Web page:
In apparently healthy over 65s, loneliness can have a potentially disastrous effect on the brain. Neurologists at the University of Harvard published about this in JAMA Psychiatry. The researchers discovered that loneliness stimulates the accumulation of amyloid plaques, and these amyloid plaques cause dementia.
The researchers did scans of the brains of 79 healthy men and women aged between 65 and 90, which enabled them to see the extent of amyloid plaque accumulation in their brain cells. In people who have Alzheimer’s – which is the cause of dementia in 60-70 percent of all cases – brain cells die off because there are too many of the amyloid plaques.
The researchers also got the participants to fill out standard questionnaires on loneliness, depression and anxiety.
The lonelier the participants were, the more plaques the researchers found in their brains. Even when the researchers had filtered out the effects of other factors such as age, income, social network, depression and anxiety, the relationship was still there.
Brain cells make apolipoprotein E, a protein that transports cholesterol into brain cells. Quite a few people have genes that predispose them to making an over enthusiastic variant of apolipoprotein E. It’s called ApoE4, and this variant increases the likelihood of developing Alzheimer’s. The likelihood of loneliness leading to dementia was even higher in this group than in the people with better genes.
The researchers are aware that the relationship they discovered could be interpreted in various ways. “Loneliness or other subtle impairments in social-emotional perception or behavior could arise in preclinical Alzheimer’s disease due to amyloid-related alterations in neural activity at a local or network level,” they wrote. The plaques they found could actually be the cause of the feelings of loneliness. The researchers are more in favour of the alternative explanation – that loneliness speeds up the formation of plaques.
“It is also possible that the subjective experience of loneliness or detachment may promote amyloid accumulation, or there may be dynamic and reciprocal effects over time,” they wrote. “Numerous epidemiological studies have established that antecedent social and psychosocial factors, including loneliness, are related to adverse outcomes such as depression, cognitive decline, functional impairment, and earlier mortality in older people.”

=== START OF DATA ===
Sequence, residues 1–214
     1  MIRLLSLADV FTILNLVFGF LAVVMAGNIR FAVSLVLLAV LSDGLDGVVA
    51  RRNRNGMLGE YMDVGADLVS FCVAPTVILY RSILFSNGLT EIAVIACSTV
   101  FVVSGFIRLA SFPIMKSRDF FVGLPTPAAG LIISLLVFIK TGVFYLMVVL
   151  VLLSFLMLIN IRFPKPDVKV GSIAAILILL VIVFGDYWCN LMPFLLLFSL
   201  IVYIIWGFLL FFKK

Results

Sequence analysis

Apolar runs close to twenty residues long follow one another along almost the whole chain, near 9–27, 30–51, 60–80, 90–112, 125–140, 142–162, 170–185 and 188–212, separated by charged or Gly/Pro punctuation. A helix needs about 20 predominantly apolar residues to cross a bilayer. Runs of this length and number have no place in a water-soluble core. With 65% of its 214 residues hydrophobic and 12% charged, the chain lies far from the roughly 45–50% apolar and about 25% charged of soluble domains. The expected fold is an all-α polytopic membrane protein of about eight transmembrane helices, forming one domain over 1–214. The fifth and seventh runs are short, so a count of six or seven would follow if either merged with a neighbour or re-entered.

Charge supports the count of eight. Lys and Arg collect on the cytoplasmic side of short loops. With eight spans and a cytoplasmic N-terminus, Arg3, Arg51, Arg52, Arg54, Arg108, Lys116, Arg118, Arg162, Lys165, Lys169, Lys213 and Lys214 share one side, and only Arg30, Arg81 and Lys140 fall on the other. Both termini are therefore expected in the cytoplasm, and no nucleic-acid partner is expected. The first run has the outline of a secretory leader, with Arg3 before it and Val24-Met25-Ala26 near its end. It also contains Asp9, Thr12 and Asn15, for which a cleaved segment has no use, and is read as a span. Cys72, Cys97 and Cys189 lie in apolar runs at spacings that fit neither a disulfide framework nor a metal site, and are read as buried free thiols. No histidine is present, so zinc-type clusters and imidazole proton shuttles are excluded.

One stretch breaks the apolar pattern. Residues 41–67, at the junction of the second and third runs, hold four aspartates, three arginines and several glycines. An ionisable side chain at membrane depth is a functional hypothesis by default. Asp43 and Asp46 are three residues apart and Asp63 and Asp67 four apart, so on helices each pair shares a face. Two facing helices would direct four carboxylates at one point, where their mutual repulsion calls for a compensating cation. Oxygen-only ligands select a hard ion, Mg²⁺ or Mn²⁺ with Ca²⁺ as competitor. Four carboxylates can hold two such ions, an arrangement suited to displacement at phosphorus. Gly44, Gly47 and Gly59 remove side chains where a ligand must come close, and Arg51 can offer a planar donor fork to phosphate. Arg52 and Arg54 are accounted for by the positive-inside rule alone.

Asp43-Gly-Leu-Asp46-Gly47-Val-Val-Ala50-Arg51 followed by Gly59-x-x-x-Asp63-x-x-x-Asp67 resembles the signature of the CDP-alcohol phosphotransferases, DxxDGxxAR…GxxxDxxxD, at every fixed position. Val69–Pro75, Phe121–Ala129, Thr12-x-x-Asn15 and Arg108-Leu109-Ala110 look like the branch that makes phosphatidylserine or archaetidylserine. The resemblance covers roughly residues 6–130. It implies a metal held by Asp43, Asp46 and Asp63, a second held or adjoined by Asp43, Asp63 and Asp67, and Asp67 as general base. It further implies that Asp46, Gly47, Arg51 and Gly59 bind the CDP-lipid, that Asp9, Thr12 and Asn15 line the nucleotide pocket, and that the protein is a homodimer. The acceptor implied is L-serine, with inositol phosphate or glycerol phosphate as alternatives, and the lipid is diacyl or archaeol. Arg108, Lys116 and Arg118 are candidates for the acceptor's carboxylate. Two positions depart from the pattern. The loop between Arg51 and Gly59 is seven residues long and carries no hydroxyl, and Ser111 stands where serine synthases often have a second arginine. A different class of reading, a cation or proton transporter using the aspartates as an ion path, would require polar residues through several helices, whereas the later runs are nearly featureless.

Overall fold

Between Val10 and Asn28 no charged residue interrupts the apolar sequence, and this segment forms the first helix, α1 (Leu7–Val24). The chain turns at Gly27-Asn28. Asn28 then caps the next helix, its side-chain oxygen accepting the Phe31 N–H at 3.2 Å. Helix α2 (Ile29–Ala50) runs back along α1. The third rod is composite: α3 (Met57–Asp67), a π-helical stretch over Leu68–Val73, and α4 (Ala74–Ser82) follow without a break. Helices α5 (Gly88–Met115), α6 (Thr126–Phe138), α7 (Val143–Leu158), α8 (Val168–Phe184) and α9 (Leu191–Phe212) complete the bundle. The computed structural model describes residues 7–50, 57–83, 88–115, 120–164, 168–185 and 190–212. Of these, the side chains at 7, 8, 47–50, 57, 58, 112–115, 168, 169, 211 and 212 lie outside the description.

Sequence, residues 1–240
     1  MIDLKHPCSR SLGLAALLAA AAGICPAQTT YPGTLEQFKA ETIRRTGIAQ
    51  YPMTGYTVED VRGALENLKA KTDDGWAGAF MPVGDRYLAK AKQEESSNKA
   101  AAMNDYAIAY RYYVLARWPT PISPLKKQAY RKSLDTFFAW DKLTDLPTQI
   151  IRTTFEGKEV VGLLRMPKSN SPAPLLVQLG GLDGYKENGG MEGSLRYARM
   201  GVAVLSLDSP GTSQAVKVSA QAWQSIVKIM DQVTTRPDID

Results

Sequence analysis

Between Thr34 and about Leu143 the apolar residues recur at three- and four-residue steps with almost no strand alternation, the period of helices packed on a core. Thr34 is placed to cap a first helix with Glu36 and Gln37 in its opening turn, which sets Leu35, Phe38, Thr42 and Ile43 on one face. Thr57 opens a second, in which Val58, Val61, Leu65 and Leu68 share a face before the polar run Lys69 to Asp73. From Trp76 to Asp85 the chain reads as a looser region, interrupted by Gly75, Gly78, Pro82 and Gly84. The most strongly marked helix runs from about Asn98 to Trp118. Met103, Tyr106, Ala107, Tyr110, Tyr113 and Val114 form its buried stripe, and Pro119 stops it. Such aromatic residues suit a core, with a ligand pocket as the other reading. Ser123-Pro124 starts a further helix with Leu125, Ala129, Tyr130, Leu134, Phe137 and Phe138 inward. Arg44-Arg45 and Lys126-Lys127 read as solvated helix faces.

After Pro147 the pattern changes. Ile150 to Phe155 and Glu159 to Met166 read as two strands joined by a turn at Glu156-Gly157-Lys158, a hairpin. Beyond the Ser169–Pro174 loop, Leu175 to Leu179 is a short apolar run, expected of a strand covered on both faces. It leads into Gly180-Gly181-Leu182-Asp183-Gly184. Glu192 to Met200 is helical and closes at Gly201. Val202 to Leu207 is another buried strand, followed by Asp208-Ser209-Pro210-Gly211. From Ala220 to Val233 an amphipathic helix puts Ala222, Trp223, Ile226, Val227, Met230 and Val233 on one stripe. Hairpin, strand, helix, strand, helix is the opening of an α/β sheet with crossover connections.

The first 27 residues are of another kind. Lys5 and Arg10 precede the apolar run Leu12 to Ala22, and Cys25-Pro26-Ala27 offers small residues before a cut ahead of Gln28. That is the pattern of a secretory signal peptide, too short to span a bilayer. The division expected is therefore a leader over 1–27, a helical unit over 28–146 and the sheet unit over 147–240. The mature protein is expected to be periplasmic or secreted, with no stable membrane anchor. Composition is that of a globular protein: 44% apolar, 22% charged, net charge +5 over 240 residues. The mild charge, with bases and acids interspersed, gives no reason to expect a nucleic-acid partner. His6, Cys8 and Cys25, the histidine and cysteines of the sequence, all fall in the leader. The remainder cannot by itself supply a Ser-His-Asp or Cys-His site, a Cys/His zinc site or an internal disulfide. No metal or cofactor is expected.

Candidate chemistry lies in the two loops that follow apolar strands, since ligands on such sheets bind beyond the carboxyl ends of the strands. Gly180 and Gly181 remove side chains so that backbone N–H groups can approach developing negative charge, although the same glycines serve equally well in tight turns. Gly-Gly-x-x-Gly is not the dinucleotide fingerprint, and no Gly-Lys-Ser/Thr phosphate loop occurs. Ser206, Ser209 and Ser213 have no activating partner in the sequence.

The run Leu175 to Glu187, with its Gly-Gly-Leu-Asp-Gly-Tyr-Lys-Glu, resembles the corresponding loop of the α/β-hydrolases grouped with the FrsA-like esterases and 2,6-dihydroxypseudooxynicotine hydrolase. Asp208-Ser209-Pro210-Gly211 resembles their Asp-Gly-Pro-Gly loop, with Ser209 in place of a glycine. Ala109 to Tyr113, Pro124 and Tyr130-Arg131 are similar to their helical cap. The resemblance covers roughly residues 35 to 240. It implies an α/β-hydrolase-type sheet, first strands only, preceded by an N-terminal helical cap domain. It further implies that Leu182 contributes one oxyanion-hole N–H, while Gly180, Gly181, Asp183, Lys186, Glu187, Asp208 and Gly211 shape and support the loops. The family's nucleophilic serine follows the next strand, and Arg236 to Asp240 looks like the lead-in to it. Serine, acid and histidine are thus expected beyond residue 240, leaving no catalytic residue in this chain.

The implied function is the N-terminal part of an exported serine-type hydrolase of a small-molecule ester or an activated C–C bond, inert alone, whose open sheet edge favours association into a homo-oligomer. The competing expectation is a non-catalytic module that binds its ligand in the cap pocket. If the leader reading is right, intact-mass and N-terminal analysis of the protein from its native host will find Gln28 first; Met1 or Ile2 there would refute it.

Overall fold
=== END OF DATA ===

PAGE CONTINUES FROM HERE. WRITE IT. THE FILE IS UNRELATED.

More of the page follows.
“Social disengagement, manifesting as low numbers of social ties, contacts, and group activities, has been associated with cognitive decline in population-based studies of older people, even in those individuals with relatively high baseline cognitive and functional status.”
“Many studies have also found independent effects on long-term cognition for more qualitative social and socio-emotional constructs such as emotional support, negative social interactions, and loneliness.”
Association of Higher Cortical Amyloid Burden With Loneliness in Cognitively Normal Older Adults
Importance Emotional and behavioral symptoms in cognitively normal older people may be direct manifestations of Alzheimer disease (AD) pathophysiology at the preclinical stage, prior to the onset of mild cognitive impairment. Loneliness is a perceived state of social and emotional isolation that has been associated with cognitive and functional decline and an increased risk of incident AD dementia. We hypothesized that loneliness might occur in association with elevated cortical amyloid burden, an in vivo research biomarker of AD.
To determine whether cortical amyloid burden is associated with greater loneliness in cognitively normal older adults.
Design, Setting, and Participants Cross-sectional analyses using data from the Harvard Aging Brain Study of 79 cognitively normal, community-dwelling participants. A continuous, aggregate measure of cortical amyloid burden, determined by Pittsburgh Compound B–positron emission tomography (PiB-PET), was examined in association with loneliness in linear regression models adjusting for age, sex, apolipoprotein E ε4 (APOEε4), socioeconomic status, depression, anxiety, and social network (without and with the interaction of amyloid and APOEε4). We also quantified the association of high amyloid burden (amyloid-positive group) to loneliness (lonely group) using logistic regression, controlling for the same covariates, with the amyloid-positive group and the lonely group, each composing 32% of the sample (n = 25).
Main Outcomes and Measures Loneliness, as determined by the 3-item UCLA Loneliness Scale (possible range, 3-12, with higher score indicating greater loneliness).
The 79 participants included 43 women and 36 men with a mean (SD) age of 76.4 (6.2) years. Mean (SD) cortical amyloid burden via PiB-PET was 1.230 (0.209), and the mean (SD) UCLA-3 loneliness score was 5.3 (1.8). Twenty-two (28%) had positive APOEε4 carrier status, and 25 (32%) were in the amyloid-positive group with cortical PiB distribution volume ratio greater than 1.2. Controlling for age, sex, APOEε4, socioeconomic status, depression, anxiety, and social network, we found that higher amyloid burden was significantly associated with greater loneliness: compared with individuals in the amyloid-negative group, those in the amyloid-positive group were 7.5-fold (95% CI, 1.7-fold to 34.0-fold) more likely to be classified as lonely than nonlonely (β = 3.3, partial r = 0.4, P = .002). Furthermore, the association of high amyloid burden and loneliness was stronger in APOEε4 carriers than in noncarriers.
Conclusions and Relevance
We report a novel association of loneliness with cortical amyloid burden in cognitively normal older adults, suggesting that loneliness is a neuropsychiatric symptom relevant to preclinical AD. This work will inform new research into the neural underpinnings and disease mechanisms involved in loneliness and may enhance early detection and intervention research in AD.